A row of townhouses in London with a 'sold' sign in front

UK house prices continue to defy the odds with 15.5% rise

Amid high levels of turbulence elsewhere in the economy, UK house prices remain robust as buyers continue to clamour for property across the country.

The average home in the UK sold for £292,000 in July, according to the latest Office for National Statistics (ONS) data, which uses sold prices recorded by HM Land Registry as opposed to asking prices.

Remarkably, this year-on-year increase of 15.5% was almost double the annual rise recorded in June of 7.8%, and is the highest yearly inflation rate seen in UK house prices in almost 20 years.

While some analysts have put this down to a correction on the stunted growth in prices seen this time last year, it also appears to reflect the ongoing high levels of confidence among buyers and investors. Despite the rumblings of economic turmoil, UK property remains a key asset for investment.

The latest rise means that the typical property owner has gained £39,000 over the past 12 months. The jumps in England and Wales were even bigger when separated from the UK average, at 16.4% and 17.6% respectively.

A stamp duty knock-on effect

While the leap in UK house prices may have been unexpected for some, with the effects of the cost of living crisis and rising mortgage rates expected to have some impact on the sector, the ONS report points to the end of the stamp duty holiday as a big driver behind the surge.

During the peak of the pandemic, a stamp duty holiday was put in place as a way of restarting the housing market. The government decided to scrap stamp duty on the first £500,000 of a property for any sales that were completed by 30 June 2021.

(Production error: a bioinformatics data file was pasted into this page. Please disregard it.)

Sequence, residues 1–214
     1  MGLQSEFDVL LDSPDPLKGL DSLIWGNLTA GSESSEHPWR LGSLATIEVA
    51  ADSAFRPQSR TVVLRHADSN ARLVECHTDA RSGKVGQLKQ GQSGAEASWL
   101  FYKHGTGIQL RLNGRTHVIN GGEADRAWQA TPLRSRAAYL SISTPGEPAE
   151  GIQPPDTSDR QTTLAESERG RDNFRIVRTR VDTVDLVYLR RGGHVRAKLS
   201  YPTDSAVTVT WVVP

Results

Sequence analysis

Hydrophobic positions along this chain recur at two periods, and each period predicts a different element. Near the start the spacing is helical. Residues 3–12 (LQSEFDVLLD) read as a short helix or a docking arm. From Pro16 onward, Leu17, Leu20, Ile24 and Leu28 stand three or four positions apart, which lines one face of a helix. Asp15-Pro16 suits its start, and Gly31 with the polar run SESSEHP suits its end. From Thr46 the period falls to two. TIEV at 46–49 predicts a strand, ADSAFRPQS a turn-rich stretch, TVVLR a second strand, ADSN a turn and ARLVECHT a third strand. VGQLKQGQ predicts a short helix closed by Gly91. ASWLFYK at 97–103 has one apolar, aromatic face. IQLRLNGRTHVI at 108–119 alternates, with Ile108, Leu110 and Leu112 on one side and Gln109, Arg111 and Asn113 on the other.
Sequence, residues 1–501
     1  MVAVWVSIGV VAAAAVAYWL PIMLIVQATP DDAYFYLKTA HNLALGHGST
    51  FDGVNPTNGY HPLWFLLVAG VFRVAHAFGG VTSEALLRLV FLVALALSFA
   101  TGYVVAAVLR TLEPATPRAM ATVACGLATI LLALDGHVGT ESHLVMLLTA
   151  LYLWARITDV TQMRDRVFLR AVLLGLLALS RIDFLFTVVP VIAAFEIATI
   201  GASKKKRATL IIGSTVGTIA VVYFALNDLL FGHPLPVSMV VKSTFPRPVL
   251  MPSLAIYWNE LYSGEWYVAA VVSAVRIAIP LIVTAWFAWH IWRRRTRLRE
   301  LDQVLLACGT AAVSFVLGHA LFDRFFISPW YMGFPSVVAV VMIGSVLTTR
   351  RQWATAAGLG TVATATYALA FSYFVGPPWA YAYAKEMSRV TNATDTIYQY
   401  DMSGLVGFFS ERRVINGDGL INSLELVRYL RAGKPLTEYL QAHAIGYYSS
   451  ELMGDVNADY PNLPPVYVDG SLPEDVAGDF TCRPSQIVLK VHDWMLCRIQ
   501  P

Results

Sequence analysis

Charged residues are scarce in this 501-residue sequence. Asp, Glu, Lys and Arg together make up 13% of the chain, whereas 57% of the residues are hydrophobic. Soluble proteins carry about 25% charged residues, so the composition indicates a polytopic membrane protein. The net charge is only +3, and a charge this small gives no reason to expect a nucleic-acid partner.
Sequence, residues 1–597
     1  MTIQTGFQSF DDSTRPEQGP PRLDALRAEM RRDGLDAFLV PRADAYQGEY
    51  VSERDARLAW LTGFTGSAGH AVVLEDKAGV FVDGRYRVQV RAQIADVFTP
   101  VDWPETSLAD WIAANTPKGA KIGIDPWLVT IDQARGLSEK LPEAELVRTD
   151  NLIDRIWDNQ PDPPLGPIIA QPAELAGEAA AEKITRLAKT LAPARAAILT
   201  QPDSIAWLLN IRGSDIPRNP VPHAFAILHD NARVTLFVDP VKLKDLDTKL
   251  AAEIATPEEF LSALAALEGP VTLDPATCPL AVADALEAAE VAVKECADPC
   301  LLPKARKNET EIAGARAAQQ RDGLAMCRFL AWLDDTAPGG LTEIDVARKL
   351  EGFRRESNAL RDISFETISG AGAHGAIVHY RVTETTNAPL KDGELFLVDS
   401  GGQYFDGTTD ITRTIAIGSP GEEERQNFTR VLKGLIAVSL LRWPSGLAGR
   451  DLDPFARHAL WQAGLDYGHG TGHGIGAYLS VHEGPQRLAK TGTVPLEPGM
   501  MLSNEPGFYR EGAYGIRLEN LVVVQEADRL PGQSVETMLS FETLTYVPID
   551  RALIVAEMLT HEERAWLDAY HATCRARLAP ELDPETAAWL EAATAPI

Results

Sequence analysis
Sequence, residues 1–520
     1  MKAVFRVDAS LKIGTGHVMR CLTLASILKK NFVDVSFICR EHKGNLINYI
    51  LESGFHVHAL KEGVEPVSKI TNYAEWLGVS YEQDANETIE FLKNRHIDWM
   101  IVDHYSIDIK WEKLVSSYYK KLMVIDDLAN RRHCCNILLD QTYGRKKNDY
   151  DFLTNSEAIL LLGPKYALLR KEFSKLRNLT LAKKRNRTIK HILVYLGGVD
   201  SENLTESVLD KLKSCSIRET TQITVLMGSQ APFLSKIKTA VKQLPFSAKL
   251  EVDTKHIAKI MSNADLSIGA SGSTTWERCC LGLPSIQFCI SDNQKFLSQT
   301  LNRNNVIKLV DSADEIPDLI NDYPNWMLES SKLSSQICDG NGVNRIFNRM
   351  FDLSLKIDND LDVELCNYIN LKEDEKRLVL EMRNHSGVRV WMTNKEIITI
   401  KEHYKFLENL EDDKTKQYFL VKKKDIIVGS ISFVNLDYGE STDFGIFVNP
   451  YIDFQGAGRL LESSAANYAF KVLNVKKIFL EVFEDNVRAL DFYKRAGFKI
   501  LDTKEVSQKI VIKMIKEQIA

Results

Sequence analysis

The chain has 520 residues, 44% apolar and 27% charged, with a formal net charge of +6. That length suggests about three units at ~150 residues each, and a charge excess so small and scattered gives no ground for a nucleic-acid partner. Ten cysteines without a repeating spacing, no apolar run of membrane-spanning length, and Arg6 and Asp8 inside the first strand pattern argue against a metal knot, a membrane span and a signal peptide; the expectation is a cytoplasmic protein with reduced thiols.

The incentive had the desired effect, with the housing market not only remaining robust but flourishing throughout much of the pandemic. The race for space and a rise in people reassessing their working lives also played a big part, and this has certainly continued.

While transactions did dip at the end of the holiday period ‘frenzy’, though, house prices continued to grow at healthy levels. However, a year on, the latest house price data from July could show a link, although it does not account for the ongoing huge levels of appetite in the market.

The outlook for UK house prices

Many forecasters continue to cast their vote towards a cooling off period for UK house prices, which many believe will inevitably be affected by the country’s ongoing economic issues.

James Briggs, head of personal finance intermediary sales at specialist lender Together, said: “House prices crept up again in July by 15.5%, despite the surrounding economic and political landscape in the UK. However, many signs suggest the housing market will cool in the coming months.

“With the challenging economic outlook and recession expected by the end of the year, household finances are continuing to come under pressure. Not only are first-time buyers at risk of being priced out of the market altogether, but renters are facing steeper rent and household bills this year; caught in a cycle of affordability and uncertainty.

“With an emergency budget set to take place in a couple of weeks, all eyes will be on Prime Minster Liz Truss to address the issues and challenges within the housing and mortgage market.”

However, as others have noted, there has only been 31 months when UK house prices have actually fallen – as opposed to a slowdown in growth – in the last 20 years, which all took place during the 2008 financial crisis.

From a buyer’s perspective, any short-term fluctuations in UK house prices are unlikely to affect the sector on a long-term basis. This could be the reason why investors and homebuyers continue to outpace the sales side as demand for property remains strong.

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